Krakow, Poland, 7 July—The World Heritage Committee, in this afternoon’s session, inscribed natural sites in Argentina and China on UNESCO’s World Heritage List as well as a transboundary site in Mongolia and the Russian Federation. It also approved the extension of the World Heritage site of the Primeval Beech Forests of the Carpathians and the Ancient Beech Forests of Germany, which now stretches over 12 countries: Albania, Austria, Belgium, Bulgaria, Croatia, Germany, Italy, Romania, Slovakia, Slovenia, Spain, Ukraine.
The sites added, in order of inscription are:
Qinghai Hoh Xil (China)
Qinghai Hoh Xil, located in the north-eastern extremity of the Qinghai-Tibetan Plateau, is the largest and highest plateau in the world. This extensive area of alpine mountains and steppe systems is situated more than 4,500 m above sea level, where sub-zero average temperatures prevail all year-round. The site’s geographical and climatic conditions have nurtured a unique biodiversity. More than one third of the plant species, and all the herbivorous mammals are endemic to the plateau. The property secures the complete migratory route of the Tibetan antelope, one of the endangered large mammals that are endemic to the plateau.
Landscapes Of Dauria (Mongolia / Russian Federation)
Shared between Mongolia and the Russian Federation, this site is an outstanding example of the Daurian Steppe eco-region, which extends from eastern Mongolia into Russian Siberia and north-eastern China. Cyclical climate changes, with distinct dry and wet periods lead to a wide diversity of species and ecosystems of global significance. The different types of steppe represented, such as grassland and forest, as well as lakes and wetlands serve as habitats for rare species of fauna, such as the White-Naped crane and the Great bustard, as well as millions of vulnerable, endangered or threatened migratory birds. It is also a critical site on the migration path for the Mongolian gazelle.
Los Alerces National Park (Argentina)
The Los Alerces National park is located in the Andes of northern Patagonia and has a western boundary, which coincides with the Chilean border. Successive glaciations have moulded the landscape in the region creating spectacular features such as moraines, glacial cirques and clear-water lakes. The vegetation is dominated by dense temperate forests, which give way to alpine meadows higher up under the rocky Andean peaks. The property is vital for the protection of some of the last portions of continuous Patagonian Forest in an almost pristine state and is the habitat for a number of endemic and threatened species of flora and fauna.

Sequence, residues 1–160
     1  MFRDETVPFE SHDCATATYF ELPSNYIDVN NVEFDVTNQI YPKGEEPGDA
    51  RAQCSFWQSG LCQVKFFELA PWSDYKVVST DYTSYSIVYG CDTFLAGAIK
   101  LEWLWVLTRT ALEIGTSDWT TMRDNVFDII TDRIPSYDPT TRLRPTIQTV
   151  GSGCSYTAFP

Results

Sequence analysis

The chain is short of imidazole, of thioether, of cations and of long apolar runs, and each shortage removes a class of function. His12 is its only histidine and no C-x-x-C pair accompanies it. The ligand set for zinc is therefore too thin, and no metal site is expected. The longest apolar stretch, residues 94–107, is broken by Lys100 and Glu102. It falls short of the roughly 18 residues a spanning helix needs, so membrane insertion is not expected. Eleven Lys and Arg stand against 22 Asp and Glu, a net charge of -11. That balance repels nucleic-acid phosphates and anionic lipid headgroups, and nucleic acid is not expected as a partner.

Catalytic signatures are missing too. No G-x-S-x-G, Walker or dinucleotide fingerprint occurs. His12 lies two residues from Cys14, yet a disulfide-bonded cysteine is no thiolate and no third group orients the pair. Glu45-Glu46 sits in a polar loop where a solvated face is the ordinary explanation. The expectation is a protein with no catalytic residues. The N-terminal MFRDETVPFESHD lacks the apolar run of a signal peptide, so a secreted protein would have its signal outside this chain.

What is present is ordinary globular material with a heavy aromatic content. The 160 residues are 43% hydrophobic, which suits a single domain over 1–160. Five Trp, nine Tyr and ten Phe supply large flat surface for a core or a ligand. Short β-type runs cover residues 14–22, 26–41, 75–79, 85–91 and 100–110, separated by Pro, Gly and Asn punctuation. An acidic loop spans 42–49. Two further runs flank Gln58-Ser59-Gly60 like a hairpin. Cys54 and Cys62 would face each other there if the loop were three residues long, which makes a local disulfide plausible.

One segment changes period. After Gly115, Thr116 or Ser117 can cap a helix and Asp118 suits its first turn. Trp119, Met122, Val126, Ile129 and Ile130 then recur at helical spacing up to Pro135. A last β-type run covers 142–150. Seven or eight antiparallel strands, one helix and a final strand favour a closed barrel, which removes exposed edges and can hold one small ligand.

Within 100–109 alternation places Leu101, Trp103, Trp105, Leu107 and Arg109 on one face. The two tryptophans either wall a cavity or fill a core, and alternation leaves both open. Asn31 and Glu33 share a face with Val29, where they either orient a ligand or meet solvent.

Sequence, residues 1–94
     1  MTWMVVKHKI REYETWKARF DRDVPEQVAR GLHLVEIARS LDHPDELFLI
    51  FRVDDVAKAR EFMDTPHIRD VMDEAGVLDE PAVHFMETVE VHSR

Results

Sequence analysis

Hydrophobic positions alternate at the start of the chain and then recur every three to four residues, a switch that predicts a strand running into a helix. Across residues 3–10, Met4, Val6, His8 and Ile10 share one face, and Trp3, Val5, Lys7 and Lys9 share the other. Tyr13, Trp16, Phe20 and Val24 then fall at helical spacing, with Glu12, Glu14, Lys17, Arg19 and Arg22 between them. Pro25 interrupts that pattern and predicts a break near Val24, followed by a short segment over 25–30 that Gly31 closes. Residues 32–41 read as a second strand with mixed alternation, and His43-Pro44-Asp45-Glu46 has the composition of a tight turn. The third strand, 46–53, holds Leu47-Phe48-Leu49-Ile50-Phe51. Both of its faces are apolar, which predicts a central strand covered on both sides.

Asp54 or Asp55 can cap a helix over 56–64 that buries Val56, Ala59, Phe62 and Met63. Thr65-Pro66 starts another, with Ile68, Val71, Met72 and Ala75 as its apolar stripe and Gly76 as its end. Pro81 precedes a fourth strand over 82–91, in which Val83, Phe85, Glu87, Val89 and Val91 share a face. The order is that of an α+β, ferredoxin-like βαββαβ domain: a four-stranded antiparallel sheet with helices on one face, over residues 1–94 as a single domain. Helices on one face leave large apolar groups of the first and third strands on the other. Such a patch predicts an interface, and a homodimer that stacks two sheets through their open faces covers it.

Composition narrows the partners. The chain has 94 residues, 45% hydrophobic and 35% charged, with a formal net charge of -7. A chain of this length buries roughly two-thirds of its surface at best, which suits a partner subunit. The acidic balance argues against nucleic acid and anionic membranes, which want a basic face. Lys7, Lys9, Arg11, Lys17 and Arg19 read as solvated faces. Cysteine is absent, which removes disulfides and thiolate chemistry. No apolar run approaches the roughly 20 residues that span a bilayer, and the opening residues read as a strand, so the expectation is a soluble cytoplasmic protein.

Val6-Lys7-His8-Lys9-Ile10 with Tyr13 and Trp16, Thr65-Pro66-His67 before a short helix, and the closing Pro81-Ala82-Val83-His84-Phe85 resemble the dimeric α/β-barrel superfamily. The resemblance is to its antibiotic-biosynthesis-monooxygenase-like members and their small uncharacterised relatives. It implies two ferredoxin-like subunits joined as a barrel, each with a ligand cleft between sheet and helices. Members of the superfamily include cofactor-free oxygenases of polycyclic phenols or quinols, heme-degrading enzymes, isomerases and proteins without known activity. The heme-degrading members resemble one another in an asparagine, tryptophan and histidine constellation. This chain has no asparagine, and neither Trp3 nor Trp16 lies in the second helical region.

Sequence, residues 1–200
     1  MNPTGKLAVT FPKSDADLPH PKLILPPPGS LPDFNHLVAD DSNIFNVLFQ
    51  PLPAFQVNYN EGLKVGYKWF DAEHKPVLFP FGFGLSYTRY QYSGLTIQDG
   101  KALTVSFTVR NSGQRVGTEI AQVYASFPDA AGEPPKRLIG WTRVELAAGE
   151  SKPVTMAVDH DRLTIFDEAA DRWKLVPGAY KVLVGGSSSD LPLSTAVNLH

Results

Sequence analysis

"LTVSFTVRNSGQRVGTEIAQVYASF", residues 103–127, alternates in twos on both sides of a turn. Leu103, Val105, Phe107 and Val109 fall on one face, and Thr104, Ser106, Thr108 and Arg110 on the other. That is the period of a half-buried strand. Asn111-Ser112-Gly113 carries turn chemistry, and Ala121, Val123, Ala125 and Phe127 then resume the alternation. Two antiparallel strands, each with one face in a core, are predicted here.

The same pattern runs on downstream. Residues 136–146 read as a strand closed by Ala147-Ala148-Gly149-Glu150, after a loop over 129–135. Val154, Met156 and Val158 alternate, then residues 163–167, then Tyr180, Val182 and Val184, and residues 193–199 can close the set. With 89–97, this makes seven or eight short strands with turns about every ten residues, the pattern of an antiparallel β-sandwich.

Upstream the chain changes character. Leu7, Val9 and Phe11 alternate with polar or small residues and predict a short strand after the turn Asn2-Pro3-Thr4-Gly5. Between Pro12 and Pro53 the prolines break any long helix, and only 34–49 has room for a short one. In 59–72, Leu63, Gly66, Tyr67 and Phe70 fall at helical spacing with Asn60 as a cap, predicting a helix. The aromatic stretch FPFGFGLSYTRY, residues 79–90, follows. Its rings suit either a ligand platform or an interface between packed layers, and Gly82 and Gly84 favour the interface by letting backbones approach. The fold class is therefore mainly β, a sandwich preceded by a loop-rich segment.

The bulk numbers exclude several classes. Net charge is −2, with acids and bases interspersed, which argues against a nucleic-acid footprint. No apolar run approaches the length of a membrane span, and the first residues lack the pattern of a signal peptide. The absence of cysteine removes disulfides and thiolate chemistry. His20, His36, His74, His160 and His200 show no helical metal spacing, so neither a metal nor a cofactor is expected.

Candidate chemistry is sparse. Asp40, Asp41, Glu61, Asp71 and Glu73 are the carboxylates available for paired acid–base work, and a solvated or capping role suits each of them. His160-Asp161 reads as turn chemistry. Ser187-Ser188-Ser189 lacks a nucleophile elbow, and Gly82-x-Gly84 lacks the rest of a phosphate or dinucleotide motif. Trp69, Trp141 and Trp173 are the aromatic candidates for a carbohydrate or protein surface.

Ancient and Primeval Beech Forests of the Carpathians and Other Regions of Europe
(Albania, Austria, Belgium, Bulgaria, Croatia, Germany, Italy, Romania, Slovakia, Slovenia, Spain, Ukraine)
This transboundary extension of the World Heritage site of the Primeval Beech Forests of the Carpathians and the Ancient Beech Forests of Germany (Germany, Slovakia, Ukraine) stretches over 12 countries. Since the end of the last Ice Age, European beech spread from a few isolated refuges in the Alps, Carpathians, Mediterranean and Pyrenees over a short period of a few thousand years in a process that is still ongoing. This successful expansion is related to the tree’s flexibility and tolerance of different climatic, geographical and physical conditions.
The 41st session of the World Heritage Committee (9-12 July), chaired by Jacek Purchla, founder and director of the International Cultural Centre in Kraków, will continue inscribing sites on the World Heritage List through 9 July.
Lucía Iglesias Kuntz, UNESCO Media Section, email@example.com, +33(0)680240729 or +48 574 645 560.
Agnès Bardon, UNESCO Media Section, firstname.lastname@example.org, +33(0)680241356 or +48574645559